On or about August 29, 1996, each petitioner filed a separate complaint against respondent Board of Regents of the University of Minnesota (hereinafter respondent), in the United States District Court for the District of Minnesota. 620 N. W. 2d, at 681; App. to Pet. for Cert. A-41. Each complaint alleged a federal cause of action under the ADEA and a state cause of action under the MHRA. The suits were subsequently consolidated. 604 N. W. 2d 128, 130 (Minn. App. 2000). Respondent filed answers to these complaints in September 1996, setting forth eight affirmative defenses, including that the suits were " `barred in whole or in part by Defendant's Eleventh Amendment immunity.' " Brief for Petitioners 4. The District Court entered a scheduling plan that the parties agreed upon. According to the plan, discovery would finish by May 30, 1997, and dispositive motions would be filed by July 15, 1997. Ibid. The parties then engaged in discovery as well as mediation. Ibid.

         In early July 1997, respondent filed its motion to dismiss petitioners' claims pursuant to Federal Rule of Civil Procedure 12(b)(1). Brief for Petitioners 5, n. 5. The motion argued that the federal and state law claims were barred by the Eleventh Amendment. Brief for Respondent Regents of the University of Minnesota 5. Petitioners' response acknowledged respondent's " `potential Eleventh Amendment immunity from state discrimination claims in Federal Court,' " but urged the District Court to exercise supplemental jurisdiction over the state claims if the federal claims were upheld. Brief for Petitioners 5-6. On July 11, 1997, the District Court granted respondent's Rule 12(b)(1) motion and dismissed all of petitioners' claims. App. to Pet. for Cert. A-39. Petitioners appealed, but the appeal was stayed pending this Court's decision in Kimel v. Florida Bd. of Regents, 528 U. S. 62 (2000). 620 N. W. 2d, at 682. Kimel held that the "ADEA does not validly abrogate the States' sovereign immunity." 528 U. S., at 92. Given that result, petitioners moved to withdraw their appeal, and it was dismissed in January 2000. 620 N. W. 2d, at 682; Brief for Petitioners 6-7.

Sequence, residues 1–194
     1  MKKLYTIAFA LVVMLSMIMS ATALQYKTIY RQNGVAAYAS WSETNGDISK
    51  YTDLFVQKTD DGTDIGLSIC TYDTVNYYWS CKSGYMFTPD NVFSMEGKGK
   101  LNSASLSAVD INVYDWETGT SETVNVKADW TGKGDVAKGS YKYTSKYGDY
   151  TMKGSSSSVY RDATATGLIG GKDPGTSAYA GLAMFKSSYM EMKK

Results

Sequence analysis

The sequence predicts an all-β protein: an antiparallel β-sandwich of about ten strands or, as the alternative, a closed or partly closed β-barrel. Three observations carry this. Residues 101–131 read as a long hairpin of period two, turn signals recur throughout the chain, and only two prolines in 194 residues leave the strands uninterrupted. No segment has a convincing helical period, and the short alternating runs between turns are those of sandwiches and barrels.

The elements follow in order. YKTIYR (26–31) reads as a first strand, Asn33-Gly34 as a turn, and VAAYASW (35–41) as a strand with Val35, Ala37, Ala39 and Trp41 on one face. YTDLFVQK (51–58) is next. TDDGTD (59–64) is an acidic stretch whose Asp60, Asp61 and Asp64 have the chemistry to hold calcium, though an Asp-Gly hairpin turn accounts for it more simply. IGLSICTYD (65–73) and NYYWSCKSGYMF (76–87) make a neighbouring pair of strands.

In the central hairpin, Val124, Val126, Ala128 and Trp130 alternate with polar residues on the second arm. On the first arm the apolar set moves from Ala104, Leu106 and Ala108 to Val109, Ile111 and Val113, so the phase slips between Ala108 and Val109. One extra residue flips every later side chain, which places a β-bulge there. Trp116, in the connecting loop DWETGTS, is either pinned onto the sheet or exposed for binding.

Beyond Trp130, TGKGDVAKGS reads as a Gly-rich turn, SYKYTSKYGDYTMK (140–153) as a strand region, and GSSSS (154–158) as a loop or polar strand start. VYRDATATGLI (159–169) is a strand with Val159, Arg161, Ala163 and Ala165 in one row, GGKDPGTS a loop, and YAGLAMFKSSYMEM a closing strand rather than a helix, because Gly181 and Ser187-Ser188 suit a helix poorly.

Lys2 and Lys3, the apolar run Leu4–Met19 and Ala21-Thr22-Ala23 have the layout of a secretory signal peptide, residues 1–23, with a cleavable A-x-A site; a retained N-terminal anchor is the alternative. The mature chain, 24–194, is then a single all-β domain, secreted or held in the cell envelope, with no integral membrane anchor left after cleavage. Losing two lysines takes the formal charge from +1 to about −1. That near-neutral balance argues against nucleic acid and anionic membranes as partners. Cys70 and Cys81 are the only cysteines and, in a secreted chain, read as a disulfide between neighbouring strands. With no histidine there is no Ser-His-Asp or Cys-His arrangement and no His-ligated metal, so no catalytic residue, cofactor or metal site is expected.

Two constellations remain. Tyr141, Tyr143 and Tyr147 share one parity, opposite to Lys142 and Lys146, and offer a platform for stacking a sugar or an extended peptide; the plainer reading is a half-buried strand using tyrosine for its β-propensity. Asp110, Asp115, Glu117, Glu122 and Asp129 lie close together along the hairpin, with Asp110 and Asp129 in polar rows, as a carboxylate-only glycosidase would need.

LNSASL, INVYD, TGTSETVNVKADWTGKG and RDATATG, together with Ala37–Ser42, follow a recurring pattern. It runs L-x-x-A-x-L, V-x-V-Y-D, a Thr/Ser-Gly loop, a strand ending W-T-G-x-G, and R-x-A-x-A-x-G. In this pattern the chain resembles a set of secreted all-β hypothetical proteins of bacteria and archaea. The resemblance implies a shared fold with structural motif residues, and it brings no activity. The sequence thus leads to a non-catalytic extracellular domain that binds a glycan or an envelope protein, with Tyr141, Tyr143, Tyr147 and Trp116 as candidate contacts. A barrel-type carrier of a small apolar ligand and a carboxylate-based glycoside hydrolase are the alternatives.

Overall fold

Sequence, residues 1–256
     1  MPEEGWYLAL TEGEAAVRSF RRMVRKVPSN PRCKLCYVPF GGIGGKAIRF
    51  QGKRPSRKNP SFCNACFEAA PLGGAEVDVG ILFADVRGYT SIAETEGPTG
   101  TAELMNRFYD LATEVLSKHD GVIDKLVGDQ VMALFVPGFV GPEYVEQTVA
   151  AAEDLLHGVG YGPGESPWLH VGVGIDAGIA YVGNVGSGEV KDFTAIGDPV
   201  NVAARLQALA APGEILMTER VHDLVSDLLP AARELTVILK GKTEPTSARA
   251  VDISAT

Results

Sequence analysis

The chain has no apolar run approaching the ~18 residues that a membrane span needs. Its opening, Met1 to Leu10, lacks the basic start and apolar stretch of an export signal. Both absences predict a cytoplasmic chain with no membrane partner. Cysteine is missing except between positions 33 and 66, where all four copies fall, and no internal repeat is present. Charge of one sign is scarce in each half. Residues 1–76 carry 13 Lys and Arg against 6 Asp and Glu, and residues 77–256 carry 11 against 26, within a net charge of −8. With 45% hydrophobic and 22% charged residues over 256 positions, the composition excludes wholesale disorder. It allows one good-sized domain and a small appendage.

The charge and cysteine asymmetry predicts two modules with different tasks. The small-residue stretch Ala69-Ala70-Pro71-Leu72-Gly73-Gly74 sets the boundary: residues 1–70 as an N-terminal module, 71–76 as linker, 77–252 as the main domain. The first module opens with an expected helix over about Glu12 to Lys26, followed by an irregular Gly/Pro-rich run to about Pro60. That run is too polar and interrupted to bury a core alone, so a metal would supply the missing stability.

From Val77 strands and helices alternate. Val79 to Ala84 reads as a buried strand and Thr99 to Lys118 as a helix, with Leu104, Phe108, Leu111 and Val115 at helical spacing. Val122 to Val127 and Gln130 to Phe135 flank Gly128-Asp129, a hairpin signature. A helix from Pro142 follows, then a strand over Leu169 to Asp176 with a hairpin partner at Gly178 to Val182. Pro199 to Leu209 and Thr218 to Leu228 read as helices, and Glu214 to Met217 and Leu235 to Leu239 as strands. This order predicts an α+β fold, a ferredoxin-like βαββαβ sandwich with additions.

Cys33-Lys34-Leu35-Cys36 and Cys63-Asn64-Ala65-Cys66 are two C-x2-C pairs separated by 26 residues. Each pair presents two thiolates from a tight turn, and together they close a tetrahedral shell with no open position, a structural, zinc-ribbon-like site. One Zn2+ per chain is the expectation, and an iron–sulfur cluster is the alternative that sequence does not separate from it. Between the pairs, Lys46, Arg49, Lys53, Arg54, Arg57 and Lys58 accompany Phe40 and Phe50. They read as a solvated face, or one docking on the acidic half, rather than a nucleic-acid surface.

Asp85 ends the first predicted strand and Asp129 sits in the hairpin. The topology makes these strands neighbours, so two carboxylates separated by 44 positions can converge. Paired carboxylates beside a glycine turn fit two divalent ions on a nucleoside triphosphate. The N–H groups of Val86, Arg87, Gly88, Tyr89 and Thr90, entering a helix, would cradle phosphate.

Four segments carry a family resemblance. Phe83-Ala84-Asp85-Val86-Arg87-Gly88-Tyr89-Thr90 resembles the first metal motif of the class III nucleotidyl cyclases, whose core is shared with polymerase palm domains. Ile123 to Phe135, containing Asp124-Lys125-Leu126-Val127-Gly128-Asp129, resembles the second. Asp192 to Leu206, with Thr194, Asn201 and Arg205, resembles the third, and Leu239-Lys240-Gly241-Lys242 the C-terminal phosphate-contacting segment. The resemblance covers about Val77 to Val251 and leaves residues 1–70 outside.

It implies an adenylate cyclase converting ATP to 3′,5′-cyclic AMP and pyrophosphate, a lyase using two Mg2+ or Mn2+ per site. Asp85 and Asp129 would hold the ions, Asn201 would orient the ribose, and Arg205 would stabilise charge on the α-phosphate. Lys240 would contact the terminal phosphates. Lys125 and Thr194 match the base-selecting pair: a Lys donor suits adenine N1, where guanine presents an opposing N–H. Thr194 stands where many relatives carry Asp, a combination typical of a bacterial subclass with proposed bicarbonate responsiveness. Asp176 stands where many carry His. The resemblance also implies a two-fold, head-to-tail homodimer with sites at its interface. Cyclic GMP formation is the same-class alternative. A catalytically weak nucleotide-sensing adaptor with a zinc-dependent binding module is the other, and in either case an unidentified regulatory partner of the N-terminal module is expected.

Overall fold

In the meantime, approximately three weeks after the Federal District Court had dismissed their state law claims, petitioners refiled their state law claims in Hennepin County District Court. 620 N. W. 2d, at 682. Respondent's answer asserted that " `plaintiff's claims are barred, in whole or in part, by the applicable statute of limitations.' " Brief for Petitioners 7. The state court initially stayed the lawsuit because of the pending federal appeal, but lifted the stay in December 1998 for the purpose of allowing respondent to move for dismissal on statute of limitations grounds. 620 N. W. 2d, at 682. Respondent moved for summary judgment in February 1999, arguing that petitioners' state claims were barred by the applicable 45 day statute of limitations. See Minn. Stat. §§363.06, subd. 3, 363.14, subd. 1(a)(1) (2000). Respondent also argued that the tolling provision of the federal supplemental jurisdiction statute, 28 U. S. C. §1367, did not apply to toll the limitations period on the state law claims while they were pending in federal court because the Federal District Court never had subject matter jurisdiction over petitioners' ADEA claims. Petitioners argued that the tolling provision of the supplemental jurisdiction statute applied because their state law claims had been dismissed without prejudice. App. to Brief for Petitioners B-3, B-4. The State District Court treated respondent's motion for summary judgment as a motion to dismiss and granted it, holding that §1367(d) did "not apply ... because the federal district court never had `original jurisdiction' over the controversy" since "both the state and federal claims were dismissed for lack of subject matter jurisdiction." Id., at B-5, B-6.